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Cross-Site Request Forgery (CSRF)

In CSRF Web attacks, an attacker forces the victim to submit the attacker’s form data to the victim’s Web server. The attacker creates the host form, containing malicious information, and sends it to the authenticated user. The user fills in the form and sends it to the server. Because the data is coming from a trusted user, the Web server accepts the data.

Anatomy of a CSRF Attack

A CSRF attack occurs over the following four steps:

  1. The attacker hosts a Web page with a form that looks legitimate. This page already contains the attacker’s request.

  2. A user, believing this form to be the original, enters a login and password.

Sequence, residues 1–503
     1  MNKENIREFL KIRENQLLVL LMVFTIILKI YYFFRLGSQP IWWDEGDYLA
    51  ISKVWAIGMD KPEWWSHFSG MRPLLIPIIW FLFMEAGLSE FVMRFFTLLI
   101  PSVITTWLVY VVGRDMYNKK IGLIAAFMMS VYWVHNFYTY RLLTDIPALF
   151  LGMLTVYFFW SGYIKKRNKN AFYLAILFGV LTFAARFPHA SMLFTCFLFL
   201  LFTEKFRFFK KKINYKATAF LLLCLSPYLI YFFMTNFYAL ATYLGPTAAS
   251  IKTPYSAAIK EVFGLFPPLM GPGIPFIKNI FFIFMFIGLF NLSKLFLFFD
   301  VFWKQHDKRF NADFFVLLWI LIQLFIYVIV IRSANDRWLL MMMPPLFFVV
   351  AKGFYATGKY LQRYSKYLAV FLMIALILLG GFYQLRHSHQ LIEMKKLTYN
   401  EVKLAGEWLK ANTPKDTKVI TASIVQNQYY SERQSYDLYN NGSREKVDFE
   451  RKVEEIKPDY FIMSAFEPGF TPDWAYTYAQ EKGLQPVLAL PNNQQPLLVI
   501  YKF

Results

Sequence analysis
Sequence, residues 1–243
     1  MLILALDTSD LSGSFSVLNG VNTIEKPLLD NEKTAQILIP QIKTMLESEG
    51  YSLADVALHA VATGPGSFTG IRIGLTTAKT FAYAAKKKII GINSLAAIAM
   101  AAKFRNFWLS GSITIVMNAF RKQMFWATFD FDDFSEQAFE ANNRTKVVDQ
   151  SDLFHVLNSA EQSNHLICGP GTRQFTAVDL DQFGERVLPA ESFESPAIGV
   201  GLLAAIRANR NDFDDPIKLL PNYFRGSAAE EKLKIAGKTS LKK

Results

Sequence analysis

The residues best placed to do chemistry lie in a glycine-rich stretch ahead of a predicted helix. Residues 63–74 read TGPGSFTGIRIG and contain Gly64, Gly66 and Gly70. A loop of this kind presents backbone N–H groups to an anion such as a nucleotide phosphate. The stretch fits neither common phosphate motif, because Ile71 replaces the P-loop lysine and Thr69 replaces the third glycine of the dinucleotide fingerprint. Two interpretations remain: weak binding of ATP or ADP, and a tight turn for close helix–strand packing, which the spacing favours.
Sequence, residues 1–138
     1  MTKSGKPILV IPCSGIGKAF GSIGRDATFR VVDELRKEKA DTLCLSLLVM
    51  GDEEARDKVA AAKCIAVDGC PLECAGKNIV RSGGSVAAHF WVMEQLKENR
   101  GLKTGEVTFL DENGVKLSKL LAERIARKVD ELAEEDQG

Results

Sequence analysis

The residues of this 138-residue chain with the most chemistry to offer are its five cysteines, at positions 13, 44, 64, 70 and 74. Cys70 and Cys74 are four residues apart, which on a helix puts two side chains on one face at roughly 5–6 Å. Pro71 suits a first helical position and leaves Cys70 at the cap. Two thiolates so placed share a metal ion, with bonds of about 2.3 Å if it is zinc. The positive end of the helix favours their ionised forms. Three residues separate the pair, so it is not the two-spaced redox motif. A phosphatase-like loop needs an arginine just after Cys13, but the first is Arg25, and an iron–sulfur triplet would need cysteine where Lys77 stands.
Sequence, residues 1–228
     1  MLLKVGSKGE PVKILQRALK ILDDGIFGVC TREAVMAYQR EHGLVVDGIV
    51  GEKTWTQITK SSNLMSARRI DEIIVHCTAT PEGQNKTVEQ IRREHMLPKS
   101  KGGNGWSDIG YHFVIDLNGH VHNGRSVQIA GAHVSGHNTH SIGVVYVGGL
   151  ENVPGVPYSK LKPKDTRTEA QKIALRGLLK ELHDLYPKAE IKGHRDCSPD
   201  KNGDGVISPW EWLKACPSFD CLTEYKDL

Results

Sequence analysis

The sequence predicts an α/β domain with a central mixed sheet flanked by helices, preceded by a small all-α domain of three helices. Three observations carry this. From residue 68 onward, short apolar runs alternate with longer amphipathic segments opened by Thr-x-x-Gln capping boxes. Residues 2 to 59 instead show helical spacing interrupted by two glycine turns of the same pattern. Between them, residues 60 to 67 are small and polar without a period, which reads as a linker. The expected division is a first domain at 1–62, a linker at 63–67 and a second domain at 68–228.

3. Once the user completes the form, that page gets submitted to the real site.

  4. The real site’s server accepts the form, assuming that it was sent by the user based on the authentication credentials. In this way, the server accepts the attacker’s request.

Pen-Testing CSRF Validation Fields

Before filing the form, it is necessary to confirm that the form is validated before reaching the server. The best way to do this is by pen-testing the CSRF validation field, which can be done in the following four ways:

  1. Confirm that the validation field is unique for each user.

  2. Make sure that another user cannot identify the validation field. If the attacker creates the same validation field as another user, then there is no value in the validation field. The validation field must be unique for each site.

  3. Make sure that the validation field is never sent on the query string, because this data could be leaked to the attacker in places like the HTTP referrer.

  4. Verify that the request fails if the validation field is missing.

Published on Thu 02 January 2014 by Anthony Norton in Security with tag(s): csrf